Read it all, it’s the best thing I’ve read in quite a while. And yes, I agree with Rabbi Fischer completely. Well said, sir.

In a related matter, I not that the Governor of Virginia is openly supporting a bill that will allow the killing of an already born child. We have a word for that. It is murder, but this loon thinks it is fine. Perhaps he should be aborted.

An Unalienable Right

Yesterday, more than a million Americans gathered to protest America’s violation of the very first right God gave us – the right to life. While there are marches across the country, the focus is always Washington, where the violation of the right was first condoned, and where it will be restored one day.

From The Catholic Herald.

‘This is a movement founded on love and grounded in the nobility and dignity of every human life,’ President Trump said

The March for Life again gathered myriad pro-life advocates to mark the anniversary of legalized abortion in America, and in a surprise appearance Vice President Mike Pence and Second Lady Karen Pence introduced a pre-recorded message from President Donald Trump.

“This is a movement founded on love and grounded in the nobility and dignity of every human life,” President Trump said in a pre-recorded message to the massive January 18 rally, before the crowd began its march through the streets of Washington, D.C.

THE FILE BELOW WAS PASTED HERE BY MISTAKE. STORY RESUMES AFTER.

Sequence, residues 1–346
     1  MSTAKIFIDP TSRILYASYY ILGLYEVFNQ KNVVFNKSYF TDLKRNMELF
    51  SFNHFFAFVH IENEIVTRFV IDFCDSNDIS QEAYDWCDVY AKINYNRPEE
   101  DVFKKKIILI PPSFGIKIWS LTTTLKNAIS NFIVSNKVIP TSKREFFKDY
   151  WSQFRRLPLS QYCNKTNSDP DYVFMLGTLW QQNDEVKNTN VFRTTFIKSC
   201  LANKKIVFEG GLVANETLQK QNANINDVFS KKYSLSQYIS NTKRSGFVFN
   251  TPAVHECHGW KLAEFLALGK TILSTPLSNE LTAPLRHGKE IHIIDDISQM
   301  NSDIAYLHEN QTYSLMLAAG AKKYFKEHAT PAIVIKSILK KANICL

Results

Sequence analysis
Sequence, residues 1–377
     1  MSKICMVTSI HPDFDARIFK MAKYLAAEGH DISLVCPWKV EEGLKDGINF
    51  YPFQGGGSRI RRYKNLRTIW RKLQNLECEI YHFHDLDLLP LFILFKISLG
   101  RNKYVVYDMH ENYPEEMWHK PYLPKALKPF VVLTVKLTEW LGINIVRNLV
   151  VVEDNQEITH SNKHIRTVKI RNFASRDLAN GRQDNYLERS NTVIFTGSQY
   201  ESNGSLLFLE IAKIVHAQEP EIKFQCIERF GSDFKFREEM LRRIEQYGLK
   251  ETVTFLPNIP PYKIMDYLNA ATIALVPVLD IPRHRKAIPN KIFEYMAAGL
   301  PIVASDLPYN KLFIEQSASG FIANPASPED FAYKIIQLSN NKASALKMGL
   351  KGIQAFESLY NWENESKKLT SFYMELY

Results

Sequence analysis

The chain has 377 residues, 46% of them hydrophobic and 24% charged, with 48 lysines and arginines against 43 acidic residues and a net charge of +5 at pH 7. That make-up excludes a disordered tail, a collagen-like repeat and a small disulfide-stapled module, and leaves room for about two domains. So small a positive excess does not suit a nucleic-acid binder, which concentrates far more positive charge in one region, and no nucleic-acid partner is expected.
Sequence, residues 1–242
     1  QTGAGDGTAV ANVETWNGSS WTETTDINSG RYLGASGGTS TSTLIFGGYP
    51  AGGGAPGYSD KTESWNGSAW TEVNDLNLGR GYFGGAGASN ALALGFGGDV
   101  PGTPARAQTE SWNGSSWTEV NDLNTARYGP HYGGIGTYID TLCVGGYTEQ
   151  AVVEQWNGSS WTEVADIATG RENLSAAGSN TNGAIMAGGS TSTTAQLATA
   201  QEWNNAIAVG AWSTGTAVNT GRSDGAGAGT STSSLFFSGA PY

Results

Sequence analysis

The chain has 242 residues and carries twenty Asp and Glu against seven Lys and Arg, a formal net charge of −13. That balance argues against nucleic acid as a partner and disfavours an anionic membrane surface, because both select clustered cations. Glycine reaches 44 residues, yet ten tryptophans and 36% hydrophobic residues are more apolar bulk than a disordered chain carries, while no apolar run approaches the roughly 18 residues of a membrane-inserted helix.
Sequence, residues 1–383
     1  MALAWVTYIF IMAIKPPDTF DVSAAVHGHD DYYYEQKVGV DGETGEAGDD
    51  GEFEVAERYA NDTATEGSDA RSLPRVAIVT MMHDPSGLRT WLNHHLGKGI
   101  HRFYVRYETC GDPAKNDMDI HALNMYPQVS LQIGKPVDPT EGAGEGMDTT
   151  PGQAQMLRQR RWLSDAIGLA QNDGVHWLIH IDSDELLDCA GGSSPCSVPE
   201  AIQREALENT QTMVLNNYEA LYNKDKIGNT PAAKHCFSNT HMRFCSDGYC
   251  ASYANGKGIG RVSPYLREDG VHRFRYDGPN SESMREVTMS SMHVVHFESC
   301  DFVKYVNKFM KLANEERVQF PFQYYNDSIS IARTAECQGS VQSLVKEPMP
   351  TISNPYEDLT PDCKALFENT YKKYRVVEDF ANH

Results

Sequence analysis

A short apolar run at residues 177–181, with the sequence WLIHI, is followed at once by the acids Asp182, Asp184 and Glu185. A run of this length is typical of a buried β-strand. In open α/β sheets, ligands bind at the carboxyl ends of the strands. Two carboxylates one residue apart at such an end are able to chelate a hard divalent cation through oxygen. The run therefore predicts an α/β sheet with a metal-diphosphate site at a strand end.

“When we look into the eyes of a newborn child we see the beauty of the human soul and the majesty of God’s creation, we know that every life has meaning and every life is worth protecting.”

“I will always protect the first right in the Declaration of Independence, the right to life,” he said.

Trump touted his administration’s new expansion of the Mexico City Policy, which restricts funds for international organizations that promote or perform abortions. He promoted his administration’s actions to protect religious freedom for medical professionals and religious charities, as well as support for adoption and foster care. Among new proposals are limits barring Title X funds for clinics that perform abortions; and making permanent the Hyde Amendment budget restrictions on abortion funding. […]